When exercising in hot conditions several things happen physiologically that make the effort harder. ‘Cardiovascular drift’ occurs where an increase in sweat rates causes a decrease in blood plasma volume (the liquid component of the blood). This means that your blood becomes more viscous and the return of blood back to the heart decreases.
Therefore in order to compensate for this there is a gradual increase in heart rate. So, if the mercury soars on race day, check out these top tips for running in the heat:
Your choice of race day clothing will definitely have an impact on your level of comfort, particularly if you know that it’s going to be a sweat fest! Opt for a breathable vest or crop top with wickable fabric and if possible go for lighter colours that help to reflect rather than absorb heat.
Wearing a white cap will help to keep the sun off of your head and will therefore reduce the risk of heat stroke. If it’s really warm you might want to soak the cap in water before you start to help keep you cool for those first few miles.
What you do in the hour or so before the gun goes off can have a big impact on your race result. If the conditions are really warm then you may want to consider methods of pre-cooling such as a cold shower or using ice packs, which reduce your core body temperature.
Warm environmental conditions also require a much shorter warm up as your heart rate will already be elevated and your muscles warm as a result of the heat. Ploughing on with your usual warm up routine will likely result in your core body temperature increasing to the point where it has a negative effect on performance. When it’s warm you should reduce the length of time that you spend jogging and focus more on dynamic stretching and mobility work.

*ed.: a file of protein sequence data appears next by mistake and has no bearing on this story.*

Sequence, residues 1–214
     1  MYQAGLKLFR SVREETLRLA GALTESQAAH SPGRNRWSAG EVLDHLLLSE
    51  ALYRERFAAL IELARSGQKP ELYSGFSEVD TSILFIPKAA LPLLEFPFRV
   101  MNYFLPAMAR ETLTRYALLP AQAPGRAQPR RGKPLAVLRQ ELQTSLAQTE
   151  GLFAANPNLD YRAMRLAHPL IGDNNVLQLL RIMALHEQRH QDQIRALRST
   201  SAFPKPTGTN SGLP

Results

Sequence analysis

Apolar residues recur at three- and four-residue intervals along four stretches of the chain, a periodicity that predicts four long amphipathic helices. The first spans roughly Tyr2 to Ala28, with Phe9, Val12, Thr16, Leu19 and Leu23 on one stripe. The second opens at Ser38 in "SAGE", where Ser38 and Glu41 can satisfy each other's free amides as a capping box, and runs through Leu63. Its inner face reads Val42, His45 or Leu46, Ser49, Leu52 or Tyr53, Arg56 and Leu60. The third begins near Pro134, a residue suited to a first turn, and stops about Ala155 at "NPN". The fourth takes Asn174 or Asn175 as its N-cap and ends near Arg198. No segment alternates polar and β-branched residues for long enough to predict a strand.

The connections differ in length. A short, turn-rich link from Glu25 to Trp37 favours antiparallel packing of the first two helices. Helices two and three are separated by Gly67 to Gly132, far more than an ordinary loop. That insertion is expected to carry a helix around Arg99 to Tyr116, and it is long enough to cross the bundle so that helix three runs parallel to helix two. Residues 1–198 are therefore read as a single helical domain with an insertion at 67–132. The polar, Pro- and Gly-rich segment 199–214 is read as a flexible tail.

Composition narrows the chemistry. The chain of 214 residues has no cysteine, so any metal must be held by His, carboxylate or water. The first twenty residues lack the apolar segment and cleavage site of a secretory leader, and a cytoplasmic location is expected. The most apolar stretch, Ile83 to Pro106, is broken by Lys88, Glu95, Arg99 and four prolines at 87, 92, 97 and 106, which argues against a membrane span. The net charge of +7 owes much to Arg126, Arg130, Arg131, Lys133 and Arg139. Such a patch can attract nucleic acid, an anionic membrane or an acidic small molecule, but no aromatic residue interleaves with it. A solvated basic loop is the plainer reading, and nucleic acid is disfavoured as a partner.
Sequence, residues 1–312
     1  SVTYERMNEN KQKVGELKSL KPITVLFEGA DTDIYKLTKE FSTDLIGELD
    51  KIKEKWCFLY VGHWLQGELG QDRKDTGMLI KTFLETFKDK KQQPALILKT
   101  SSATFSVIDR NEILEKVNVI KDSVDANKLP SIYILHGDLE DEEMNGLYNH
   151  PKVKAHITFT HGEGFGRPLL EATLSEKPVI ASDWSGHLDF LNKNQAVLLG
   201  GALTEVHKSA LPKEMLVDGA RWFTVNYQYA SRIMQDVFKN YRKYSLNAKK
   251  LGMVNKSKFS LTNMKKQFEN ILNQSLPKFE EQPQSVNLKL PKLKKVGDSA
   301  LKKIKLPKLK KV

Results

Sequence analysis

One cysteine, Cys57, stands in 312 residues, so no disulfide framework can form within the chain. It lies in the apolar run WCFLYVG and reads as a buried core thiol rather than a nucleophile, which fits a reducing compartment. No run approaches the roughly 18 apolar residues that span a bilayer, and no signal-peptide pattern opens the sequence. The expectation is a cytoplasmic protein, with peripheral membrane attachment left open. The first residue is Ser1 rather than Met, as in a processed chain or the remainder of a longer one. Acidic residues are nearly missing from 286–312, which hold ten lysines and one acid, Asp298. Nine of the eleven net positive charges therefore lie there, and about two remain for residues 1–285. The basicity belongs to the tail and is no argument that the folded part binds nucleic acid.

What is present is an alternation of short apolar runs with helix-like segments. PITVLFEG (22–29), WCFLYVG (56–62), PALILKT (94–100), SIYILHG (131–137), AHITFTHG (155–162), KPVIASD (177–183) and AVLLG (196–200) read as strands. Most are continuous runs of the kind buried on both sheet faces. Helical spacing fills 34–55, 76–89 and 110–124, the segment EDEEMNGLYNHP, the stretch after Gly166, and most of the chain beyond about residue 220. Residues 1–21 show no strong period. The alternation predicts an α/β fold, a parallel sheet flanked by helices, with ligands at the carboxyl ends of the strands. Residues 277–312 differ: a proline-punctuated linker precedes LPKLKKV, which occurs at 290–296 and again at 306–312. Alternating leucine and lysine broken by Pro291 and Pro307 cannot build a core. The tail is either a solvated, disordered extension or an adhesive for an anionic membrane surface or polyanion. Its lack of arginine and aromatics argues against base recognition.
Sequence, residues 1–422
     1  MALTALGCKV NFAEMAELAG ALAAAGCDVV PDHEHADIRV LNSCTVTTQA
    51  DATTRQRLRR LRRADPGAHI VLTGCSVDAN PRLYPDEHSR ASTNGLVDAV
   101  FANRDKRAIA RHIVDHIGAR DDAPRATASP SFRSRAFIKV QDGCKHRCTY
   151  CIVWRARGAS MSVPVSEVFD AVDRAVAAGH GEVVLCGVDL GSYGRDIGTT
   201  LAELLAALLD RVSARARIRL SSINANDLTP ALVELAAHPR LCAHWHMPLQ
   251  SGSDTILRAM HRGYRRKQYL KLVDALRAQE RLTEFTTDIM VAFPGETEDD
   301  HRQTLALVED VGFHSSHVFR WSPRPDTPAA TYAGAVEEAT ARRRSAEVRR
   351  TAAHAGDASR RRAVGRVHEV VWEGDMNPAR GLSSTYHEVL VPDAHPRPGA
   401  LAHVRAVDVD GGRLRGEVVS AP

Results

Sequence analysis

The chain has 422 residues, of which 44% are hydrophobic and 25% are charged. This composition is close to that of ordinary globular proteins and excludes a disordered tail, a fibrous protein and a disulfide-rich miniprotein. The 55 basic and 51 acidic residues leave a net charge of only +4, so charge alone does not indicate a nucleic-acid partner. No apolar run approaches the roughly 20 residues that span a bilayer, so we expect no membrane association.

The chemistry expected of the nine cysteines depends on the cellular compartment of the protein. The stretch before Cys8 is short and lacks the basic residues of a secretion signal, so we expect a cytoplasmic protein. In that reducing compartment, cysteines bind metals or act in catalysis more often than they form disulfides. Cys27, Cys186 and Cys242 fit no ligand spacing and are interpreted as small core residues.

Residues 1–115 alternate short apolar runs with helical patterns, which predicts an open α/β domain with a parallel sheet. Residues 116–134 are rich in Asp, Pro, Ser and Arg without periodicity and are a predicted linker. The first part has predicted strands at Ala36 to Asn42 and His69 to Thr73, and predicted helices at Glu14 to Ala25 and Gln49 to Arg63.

Warm weather means higher sweat rates. In order to optimise your performance you should ensure that you are adequately hydrated before, during and after the race. It’s vital to replace the electrolytes that are lost through sweat as your body’s cells rely on them to function properly.
This is even more important if you’re a particularly ‘salty sweater’. (You can tell if you’re a salty sweater if you get that white film on your face, neck or shoulders or you can taste salt in the shower after a run!).
Beware of blisters!
As temperatures begin to rise you may find that you become more susceptible to blisters and chaffing. Ouch! Good old Vaseline is perfect for helping to prevent unwanted blisters and chaffing. You can even try putting a dab on your eyebrows to help prevent any sweat from running into your eyes!
Also be careful when you are drinking not to spill all the drink over your shoes as this will only add to the moisture within your shoes and further increase the potential for blisters.